Accounting for Souls: Lincoln Unlocked Lecture, Trinity Term 2018
On 3 May 2018, Lincoln College welcomed Professor Robert Swanson (Emeritus Professor of Medieval Ecclesiastical History, University of Birmingham) and over forty guests to the Lincoln Unlocked Lecture. Entitled ‘Accounting for Souls in Pre-Reformation Oxford: Lincoln College, All Saints and St Michael’s at the Northgate’, Professor Swanson enlightened the group on the relationship between the two collegiate churches and Lincoln College as their corporate Rector. He also described the complexities of navigating this relationship by drawing on examples for his research in the College Archive and beyond.
Professor Swanson painted a picture of the messiness which sometimes accompanied the early College and its churches before the Reformation. Bishop Thomas Rotherham’s statutes of 1480 sought to stabilise the foundation left ‘imperfect and half-finished’ at founder Bishop Fleming’s death in 1431. Accounts indicate that the revenues of both churches would have led to the College subsidising the parish funds to keep them solvent. Professor Swanson went on to discuss the status of St Anne’s chantry in All Saints church; the appropriation of the chantry to the College had been delayed by forty-eight years before being resolved as intended at Lincoln’s foundation in 1427.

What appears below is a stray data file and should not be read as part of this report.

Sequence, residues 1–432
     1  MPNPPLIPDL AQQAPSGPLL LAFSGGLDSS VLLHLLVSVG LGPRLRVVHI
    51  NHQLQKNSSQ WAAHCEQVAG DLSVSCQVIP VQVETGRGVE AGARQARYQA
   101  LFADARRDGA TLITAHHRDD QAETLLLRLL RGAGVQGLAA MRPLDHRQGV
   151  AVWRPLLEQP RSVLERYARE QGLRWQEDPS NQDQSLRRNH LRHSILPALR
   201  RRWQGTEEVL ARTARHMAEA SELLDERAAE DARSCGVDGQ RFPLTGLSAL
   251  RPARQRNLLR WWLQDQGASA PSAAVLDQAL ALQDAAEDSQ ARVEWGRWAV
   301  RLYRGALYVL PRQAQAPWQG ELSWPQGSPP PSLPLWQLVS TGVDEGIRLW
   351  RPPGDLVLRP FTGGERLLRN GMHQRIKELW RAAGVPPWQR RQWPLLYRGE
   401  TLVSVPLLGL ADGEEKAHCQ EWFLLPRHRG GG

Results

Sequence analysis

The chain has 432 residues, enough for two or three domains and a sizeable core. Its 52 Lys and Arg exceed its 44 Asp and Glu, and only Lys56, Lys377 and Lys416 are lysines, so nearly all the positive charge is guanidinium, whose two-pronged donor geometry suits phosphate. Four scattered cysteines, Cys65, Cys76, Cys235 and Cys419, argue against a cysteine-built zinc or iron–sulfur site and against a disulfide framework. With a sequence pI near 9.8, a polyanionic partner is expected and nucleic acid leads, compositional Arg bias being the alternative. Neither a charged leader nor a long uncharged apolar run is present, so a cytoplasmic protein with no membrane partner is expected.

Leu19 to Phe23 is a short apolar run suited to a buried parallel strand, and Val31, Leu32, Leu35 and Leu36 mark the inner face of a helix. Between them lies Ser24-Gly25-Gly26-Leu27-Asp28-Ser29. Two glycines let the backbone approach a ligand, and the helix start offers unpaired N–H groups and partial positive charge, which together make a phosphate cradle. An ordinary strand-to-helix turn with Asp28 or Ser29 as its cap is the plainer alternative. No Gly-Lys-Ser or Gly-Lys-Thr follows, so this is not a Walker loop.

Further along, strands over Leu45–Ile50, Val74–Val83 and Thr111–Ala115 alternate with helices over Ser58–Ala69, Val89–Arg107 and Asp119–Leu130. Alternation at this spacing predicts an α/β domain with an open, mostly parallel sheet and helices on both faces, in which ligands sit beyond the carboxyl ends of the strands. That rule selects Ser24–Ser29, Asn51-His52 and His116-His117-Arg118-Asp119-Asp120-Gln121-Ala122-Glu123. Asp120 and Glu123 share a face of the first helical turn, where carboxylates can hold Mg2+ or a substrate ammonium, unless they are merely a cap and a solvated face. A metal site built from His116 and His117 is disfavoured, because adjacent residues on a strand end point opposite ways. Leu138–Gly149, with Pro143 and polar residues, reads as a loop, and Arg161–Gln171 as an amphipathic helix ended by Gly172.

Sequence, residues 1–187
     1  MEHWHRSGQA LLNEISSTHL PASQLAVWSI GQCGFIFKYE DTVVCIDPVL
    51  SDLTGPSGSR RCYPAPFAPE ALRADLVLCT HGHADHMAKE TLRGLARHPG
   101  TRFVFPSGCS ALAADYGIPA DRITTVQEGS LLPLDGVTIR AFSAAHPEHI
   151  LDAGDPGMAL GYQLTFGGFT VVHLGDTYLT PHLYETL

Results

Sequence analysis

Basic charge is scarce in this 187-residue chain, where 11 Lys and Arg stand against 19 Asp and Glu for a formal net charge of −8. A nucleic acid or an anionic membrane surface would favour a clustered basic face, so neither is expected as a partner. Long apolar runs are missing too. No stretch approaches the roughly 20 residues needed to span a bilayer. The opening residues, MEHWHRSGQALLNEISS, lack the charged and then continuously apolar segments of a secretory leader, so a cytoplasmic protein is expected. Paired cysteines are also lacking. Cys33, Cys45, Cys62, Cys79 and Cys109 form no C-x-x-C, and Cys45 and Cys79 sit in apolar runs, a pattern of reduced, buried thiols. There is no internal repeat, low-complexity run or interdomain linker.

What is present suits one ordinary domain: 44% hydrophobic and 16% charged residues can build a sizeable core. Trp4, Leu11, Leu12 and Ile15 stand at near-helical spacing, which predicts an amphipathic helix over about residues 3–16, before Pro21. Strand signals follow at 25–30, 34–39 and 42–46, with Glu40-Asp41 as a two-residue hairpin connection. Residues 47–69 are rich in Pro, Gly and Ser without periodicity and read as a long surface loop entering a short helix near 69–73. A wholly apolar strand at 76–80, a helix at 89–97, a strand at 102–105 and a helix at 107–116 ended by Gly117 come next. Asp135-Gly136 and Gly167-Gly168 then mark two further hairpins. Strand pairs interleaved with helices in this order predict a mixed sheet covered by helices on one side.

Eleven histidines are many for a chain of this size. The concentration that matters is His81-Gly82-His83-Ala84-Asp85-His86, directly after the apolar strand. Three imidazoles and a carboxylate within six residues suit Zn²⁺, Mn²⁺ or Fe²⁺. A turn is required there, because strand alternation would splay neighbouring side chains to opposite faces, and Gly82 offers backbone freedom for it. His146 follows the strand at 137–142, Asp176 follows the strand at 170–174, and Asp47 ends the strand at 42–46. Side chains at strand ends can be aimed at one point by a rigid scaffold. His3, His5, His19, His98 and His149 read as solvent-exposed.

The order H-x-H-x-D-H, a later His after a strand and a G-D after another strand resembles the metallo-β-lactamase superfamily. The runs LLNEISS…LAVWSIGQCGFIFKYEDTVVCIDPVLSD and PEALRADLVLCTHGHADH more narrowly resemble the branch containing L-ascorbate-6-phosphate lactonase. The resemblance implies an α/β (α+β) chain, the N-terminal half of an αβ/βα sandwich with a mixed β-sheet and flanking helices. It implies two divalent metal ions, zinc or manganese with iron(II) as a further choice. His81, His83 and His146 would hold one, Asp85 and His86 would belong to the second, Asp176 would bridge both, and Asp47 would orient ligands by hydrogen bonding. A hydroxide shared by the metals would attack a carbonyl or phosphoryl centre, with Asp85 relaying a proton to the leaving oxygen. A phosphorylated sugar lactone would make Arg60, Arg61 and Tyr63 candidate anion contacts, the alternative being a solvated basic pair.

Professor Swanson concluded the talk by leaving the attendees pondering the idea of a divine performance review for the College. What final judgement would there be for the collegiate Rector which was responsible for the souls of its parishioners? Following a lively question and answer session, attendees viewed a display from the Lincoln College Archive exhibiting some of the sources from which Professor Swanson drew his research: the deed of incorporation of All Saints, St Mildred’s and St Michael at the North Gate parishes to form Lincoln College; early College and Chaplain’s accounts; licenses to perform services in College without prejudice to the ‘mother church’ at All Saints; and agreements and court decrees settling disputes between College and individuals in the churches. One such dispute arose over the seating arrangements, and therefore precedence, of the church clergy and the College Fellows. Stimulating discussion about Professor Swanson’s paper and the archives on show continued during the drinks reception which drew this enlightening Lincoln Unlocked event to a close.